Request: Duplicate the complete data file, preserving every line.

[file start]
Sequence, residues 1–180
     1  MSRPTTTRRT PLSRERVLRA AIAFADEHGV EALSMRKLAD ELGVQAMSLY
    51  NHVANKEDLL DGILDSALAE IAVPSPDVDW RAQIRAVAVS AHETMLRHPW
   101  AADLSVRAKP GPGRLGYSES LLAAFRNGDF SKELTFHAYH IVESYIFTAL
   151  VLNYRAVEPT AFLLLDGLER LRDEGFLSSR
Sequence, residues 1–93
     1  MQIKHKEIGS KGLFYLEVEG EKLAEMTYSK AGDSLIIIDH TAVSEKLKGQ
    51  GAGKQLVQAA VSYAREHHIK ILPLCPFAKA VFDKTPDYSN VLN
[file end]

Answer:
Sequence, residues 1–180
     1  MSRPTTTRRT PLSRERVLRA AIAFADEHGV EALSMRKLAD ELGVQAMSLY
    51  NHVANKEDLL DGILDSALAE IAVPSPDVDW RAQIRAVAVS AHETMLRHPW
   101  AADLSVRAKP GPGRLGYSES LLAAFRNGDF SKELTFHAYH IVESYIFTAL
   151  VLNYRAVEPT AFLLLDGLER LRDEGFLSSR
Sequence, residues 1–93
     1  MQIKHKEIGS KGLFYLEVEG EKLAEMTYSK AGDSLIIIDH TAVSEKLKGQ
    51  GAGKQLVQAA VSYAREHHIK ILPLCPFAKA VFDKTPDYSN VLN